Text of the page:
Carrying the Revenue Package on the House Floor


Session will come to a close in the next few days. We only have a few budgets and bills left to consider.  By now you may have heard that the Governor vetoed the Education Budget and the legislature voted to override that veto. Voting on budgets during these tough economic times is not easy.  We all would like to be able to better support education, public safety, and human services and we all have different opinions on the best way to accomplish that goal.  My public career started when I became dismayed over massive cuts to education.  While I think the Education Budget is too low, I voted to override the veto to put kids first. Watch my Floor Speech on the Education Budget below. As the Revenue Chair I also worked to raise revenue to prevent further cuts to education, public safety, and human services (94% of the General Fund). My Legislative Report below further describes that work.  


Important Dates

June 30th-Last day of session.  We may end earlier, but going past this deadline is unlikely as it would require two-thirds of the members on both the House and Senate to suspend the rules to extend the session.

View My Speech on the Education Budget:

The speech was a response to Republican speakers who claimed there were reserve funds in accounts that could be used for education.  Not true.

Legislative Report

The end of the session is near and balancing the budget is on everyone's mind. Budget cuts of over $2 billion and strategic use of reserve and federal funds will close part of the gap.  As Chair of the Revenue Committee I have spent a significant portion of my time this session working with colleagues and stakeholders to develop a supplemental revenue package to help ease the pain of cuts to services for our most vulnerable citizens.  HB 3405 and HB 2649 raise $733 million through judicious and fair tax increases on corporations and the wealthiest two-and-a-half percent of taxpayers.

Today, corporations are responsible for only 6% of our General Fund revenue; Oregon families pay the other 94%.  Two-thirds of the corporations in Oregon pay the $10 minimum tax which has not been increased since 1931. HB 3405 increases the minimum tax to $150 for all businesses and implements graduated increases on C-Corps with Oregon sales higher than $500,000. The bill also increases the tax rate on profits above $250,000 by 1.3% for the next two years.  With the exception of corporations with profits over $10 million, this rate gradually decreases back to the current 6.6% by 2013.  If adopted, Oregon's overall state business taxes will rank fourth-lowest instead of third-lowest in the nation. Oregon businesses benefit both directly and indirectly from the infrastructure and services the state provides, whether it's by providing an educated workforce or by maintaining the transportation and utility infrastructure that they rely on to do business. It is only fair they help pay for these services.  Furthermore, larger corporations should pay their fair share and we should shield Oregon's small businesses as much as possible because they will be key players in Oregon's economic recovery.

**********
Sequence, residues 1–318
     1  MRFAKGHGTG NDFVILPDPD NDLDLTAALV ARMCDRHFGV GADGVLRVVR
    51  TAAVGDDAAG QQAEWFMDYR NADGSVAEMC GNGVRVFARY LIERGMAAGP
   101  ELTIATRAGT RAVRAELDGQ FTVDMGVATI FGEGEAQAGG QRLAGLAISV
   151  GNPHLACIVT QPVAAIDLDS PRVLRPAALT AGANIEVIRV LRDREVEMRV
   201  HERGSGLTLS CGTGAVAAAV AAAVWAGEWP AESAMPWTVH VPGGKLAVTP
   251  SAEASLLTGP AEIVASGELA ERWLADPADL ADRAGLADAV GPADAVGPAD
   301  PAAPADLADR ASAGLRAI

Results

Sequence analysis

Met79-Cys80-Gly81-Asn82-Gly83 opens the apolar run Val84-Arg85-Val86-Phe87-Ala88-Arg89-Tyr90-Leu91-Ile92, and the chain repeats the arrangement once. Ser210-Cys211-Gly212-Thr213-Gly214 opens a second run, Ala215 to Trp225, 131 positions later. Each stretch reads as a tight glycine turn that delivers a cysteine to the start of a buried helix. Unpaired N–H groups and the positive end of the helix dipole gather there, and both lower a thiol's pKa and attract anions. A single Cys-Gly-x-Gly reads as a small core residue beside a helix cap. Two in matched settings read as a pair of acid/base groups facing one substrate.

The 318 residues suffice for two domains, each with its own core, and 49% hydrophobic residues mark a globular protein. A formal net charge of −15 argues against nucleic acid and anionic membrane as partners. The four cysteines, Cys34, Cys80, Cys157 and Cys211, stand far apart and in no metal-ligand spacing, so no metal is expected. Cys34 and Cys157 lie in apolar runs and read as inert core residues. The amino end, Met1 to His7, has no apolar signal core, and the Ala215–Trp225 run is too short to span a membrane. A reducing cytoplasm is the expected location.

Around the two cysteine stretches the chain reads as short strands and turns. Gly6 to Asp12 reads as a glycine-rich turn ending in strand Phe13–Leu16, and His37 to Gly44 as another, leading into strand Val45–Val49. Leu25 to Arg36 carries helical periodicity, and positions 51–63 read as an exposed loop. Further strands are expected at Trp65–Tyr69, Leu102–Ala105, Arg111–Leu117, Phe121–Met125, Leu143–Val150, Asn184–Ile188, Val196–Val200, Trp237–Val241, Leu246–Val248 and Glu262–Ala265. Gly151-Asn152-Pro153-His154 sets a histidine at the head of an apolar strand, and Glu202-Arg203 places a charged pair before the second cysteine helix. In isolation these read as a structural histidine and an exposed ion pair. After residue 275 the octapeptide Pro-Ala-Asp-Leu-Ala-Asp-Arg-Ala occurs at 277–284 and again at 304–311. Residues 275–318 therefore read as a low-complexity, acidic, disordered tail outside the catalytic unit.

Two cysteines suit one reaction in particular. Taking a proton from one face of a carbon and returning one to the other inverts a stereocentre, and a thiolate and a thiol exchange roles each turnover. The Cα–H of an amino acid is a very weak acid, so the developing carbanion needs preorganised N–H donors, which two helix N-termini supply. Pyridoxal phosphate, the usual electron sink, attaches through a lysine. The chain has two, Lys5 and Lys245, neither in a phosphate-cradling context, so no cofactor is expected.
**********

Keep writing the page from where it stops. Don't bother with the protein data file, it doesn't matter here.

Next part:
Unless you are fortunate enough to be one of the 39,000 people in Oregon whose taxable income is $125,000 filing individually or $250,000 filing jointly, your Oregon personal income taxes will not go up.  HB 2649 temporarily raises tax rates 1.8% on taxable income above $250,000 and 2% on income above $500,000 for 2009-2011. Let me give you an example. A household with taxable income over $400,000 a year or $33,333 a month (yes, that is over $30K every month!) would only pay an additional $212 each month in taxes.  We also plan to phase out federal tax deductions and reduce schedule A deductions for the same income brackets. Finally, the package allows anyone claiming unemployment benefits to exclude $2400 from their taxable income, consistent with the federal tax code for 2009, bringing much needed relief to many out of work Oregonians.

Oregonians have flooded my office with emails because they are horrified by the proposed cuts to schools, human services and public safety. I am too. We passed these revenue raising measures to ensure those cuts will not be $733 million worse. Unless you want more teachers to lose their jobs, more school days cut, college tuition to go up, more seniors without vital services, more prisons closing and more prisoners released back onto the streets, OREGON NEEDS THIS REVENUE. Most people reading this report will be unaffected by these changes, which will make our tax system more equitable.  We have an obligation to support our struggling families and need your support to avoid making a bad situation even worse.

Bills of Interest

HB2414-Reforms language on ballots to clarify what a vote on a referendum measure means.  Referendums are rare, but each time they come up I get hundreds of questions on what a yes or no vote means.  This bills works to clarify that problem by asking voters if they would like to overturn the law the Legislature passed. -In Ways and Means

HB2009 & HB2116-Health Care Bills will cover 80,000 children and another 35,000 adults under the Oregon Health Plan, resulting in lower health care costs for Oregonians.  A post-session report will discuss this topic. -Awaiting Signature from Governor

HB2189-Protects Home buyers by requiring mortgage brokers to register loan originators with the Department or Consumer and Business Services so they can ensure education standards are met and background checks have been passed. -Passed the House and is onto the Senate

As usual here are links to the agenda's for my committees and the House Floor so you can check out what bills are coming up for my vote.


Environment & Water -Committee Closed

House Floor (Third Reading Notice)

You can track any measure by number here.